Revlon Bonds Are in the Tank. It’s a Bad Sign for the High-Flying Stock.

The soaring shares of bankrupt cosmetics business Revlon REV +34.32 percent and its fallen bonds are now at odds with one another.

Some Revlon debt trades at distressed levels of roughly 10 cents on the dollar, which shows fixed-income investors’ scepticism regarding the debt’s ability to be recovered throughout the bankruptcy process. Investors should use caution when purchasing Revlon stock because the beauty company’s debt is senior to its equity. In court-approved reorganisation schemes, shareholders in failing corporations sometimes receive next to nothing.

However, shares of Revlon (ticker: REV), which filed for bankruptcy on June 16 due to its high debt load, extended their recent rise on Wednesday despite what appears to be retail investors’ buying. After reaching a high of over $10, the stock increased 34% to $8.14 on a significant volume of 175 million shares. The company’s market value is currently close to $450 million.

On Tuesday, also on high volume, the stock, which had last closed at $1.17 on June 13, increased 62 percent to $6.06. Volume was at a few hundred thousand shares each day prior to the bankruptcy filing.

Retail investors’ enthusiasm for Revlon is reflected in the soaring stock price, as is the fact that there aren’t many shares available for trade. 85 percent of the 54.5 million outstanding shares, or 46.2 million, are owned by chairman Ron Perelman. Nine million shares are left in the public float after this, and according to Bloomberg data, about three million of those shares have been sold short.

Retail buyers are hoping that Revlon will find a buyer and that the stock will rise dramatically like Hertz did last year. As the rental-car market drastically recovered during the bankruptcy, that stock increased in value from under $1 to around $9, allowing lenders to be fully repaid and giving significant recovery value for equity investors.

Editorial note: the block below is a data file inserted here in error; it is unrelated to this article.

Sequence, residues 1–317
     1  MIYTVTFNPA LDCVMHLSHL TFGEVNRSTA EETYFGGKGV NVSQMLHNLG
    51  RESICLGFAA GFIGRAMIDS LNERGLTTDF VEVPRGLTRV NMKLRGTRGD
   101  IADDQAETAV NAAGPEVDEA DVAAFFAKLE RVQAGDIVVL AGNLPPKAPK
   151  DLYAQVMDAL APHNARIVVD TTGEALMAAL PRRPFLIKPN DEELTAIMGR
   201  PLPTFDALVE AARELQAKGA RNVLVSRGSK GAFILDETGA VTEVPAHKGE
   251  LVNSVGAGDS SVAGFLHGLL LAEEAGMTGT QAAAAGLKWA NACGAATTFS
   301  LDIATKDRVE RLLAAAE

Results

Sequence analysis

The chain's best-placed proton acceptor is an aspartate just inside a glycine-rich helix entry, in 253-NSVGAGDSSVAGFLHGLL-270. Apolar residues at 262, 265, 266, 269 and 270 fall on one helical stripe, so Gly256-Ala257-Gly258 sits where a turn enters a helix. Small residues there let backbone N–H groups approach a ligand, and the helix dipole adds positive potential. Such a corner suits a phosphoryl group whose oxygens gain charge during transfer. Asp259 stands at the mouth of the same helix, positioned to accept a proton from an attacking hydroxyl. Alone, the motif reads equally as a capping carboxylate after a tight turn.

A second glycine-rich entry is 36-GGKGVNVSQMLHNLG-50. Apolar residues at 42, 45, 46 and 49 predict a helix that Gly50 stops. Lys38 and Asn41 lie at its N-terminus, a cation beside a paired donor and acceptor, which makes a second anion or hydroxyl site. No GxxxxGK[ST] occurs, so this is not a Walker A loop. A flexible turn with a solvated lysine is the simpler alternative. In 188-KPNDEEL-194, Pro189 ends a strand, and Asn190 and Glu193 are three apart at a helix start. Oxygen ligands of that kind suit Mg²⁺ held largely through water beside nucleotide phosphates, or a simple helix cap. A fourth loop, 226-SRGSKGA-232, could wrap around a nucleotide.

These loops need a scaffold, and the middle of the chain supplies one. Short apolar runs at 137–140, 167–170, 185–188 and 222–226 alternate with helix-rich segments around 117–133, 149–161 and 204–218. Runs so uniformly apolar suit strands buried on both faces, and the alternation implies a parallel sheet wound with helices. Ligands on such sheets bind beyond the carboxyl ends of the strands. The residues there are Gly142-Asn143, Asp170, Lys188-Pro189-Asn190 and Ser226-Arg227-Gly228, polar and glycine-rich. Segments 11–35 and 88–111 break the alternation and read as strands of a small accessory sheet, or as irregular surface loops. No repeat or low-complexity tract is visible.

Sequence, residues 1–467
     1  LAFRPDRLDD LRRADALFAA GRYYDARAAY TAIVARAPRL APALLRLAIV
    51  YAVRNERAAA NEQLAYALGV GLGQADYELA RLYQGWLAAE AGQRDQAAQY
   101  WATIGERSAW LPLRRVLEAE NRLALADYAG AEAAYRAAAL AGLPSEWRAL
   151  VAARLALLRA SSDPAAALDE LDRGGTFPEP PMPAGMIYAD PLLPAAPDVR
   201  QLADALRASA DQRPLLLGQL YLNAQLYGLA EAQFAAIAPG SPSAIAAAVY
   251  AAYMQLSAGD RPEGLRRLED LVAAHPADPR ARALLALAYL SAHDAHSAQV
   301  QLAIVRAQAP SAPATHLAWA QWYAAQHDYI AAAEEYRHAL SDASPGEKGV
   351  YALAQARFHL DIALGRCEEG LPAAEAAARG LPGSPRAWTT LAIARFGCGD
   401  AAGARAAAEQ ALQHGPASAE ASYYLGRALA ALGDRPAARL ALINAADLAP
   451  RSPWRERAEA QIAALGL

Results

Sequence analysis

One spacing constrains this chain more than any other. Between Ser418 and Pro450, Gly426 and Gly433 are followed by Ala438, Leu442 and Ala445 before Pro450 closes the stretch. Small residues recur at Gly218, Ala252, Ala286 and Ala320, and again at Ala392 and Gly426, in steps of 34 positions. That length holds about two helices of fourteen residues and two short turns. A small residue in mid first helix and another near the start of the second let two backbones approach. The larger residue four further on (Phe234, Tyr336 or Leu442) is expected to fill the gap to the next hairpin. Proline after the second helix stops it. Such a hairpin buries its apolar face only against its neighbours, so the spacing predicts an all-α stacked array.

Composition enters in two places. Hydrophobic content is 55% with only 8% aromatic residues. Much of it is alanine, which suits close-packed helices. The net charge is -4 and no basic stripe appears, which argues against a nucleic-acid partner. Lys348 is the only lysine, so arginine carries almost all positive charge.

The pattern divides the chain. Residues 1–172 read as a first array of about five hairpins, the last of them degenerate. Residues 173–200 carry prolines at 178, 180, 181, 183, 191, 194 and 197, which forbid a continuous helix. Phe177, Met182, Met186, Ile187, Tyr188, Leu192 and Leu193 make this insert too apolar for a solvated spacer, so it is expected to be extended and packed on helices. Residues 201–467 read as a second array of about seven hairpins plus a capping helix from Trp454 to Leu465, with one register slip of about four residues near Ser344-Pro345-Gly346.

However, Revlon bonds don’t imply that kind of optimism. According to TRACE, which compiles statistics on trading of corporate bonds in the over-the-counter market, they traded on Wednesday at distressed levels: the company’s $450 million of 6.25 percent debt due in 2024 was changing hands for about 10 cents on the dollar.

The Revlon bonds do not have a ticker symbol, but they do have an identification number, or Cusip, of 761519BF3. Financial authorities created TRACE—Trade Reporting and Compliance Engine—to open a window into the murky corporate bond market.

Debt appears to be a better investment than equity for individuals who are optimistic about Revlon’s future. Although the present price suggests pessimism that this happen, investors could profit tenfold if the loan is fully repaid. If the recovery value exceeds the current price, investors could profit even if the loan isn’t fully repaid.

As a hedge against losses if the bond price falls any more, some professionals might be buying Revlon debt and shorting the company.

With debt of around $3.4 billion and monthly interest costs exceeding $240 million, Revlon has had difficulty in recent years. Sales of $480 million in the first quarter were up 7.8% from the same period last year, but it lost $67 million in part because of high interest costs.

As of March 31, their debt exceeded ten times the $293 million projected 2021 earnings before interest, taxes, depreciation, and amortisation. While more ambitious businesses would go to a debt-to-Ebitda ratio of approximately five, the majority of businesses prefer to maintain it under three.

Revlon made mention of its debt issues when it declared bankruptcy last week. According to the company, “the Chapter 11 filing will enable Revlon to strategically reorganise its legacy capital structure and enhance its long-term outlook, especially amid liquidity constraints brought on by persistent global challenges, including supply chain disruption and rising inflation, as well as obligations to its lenders.”

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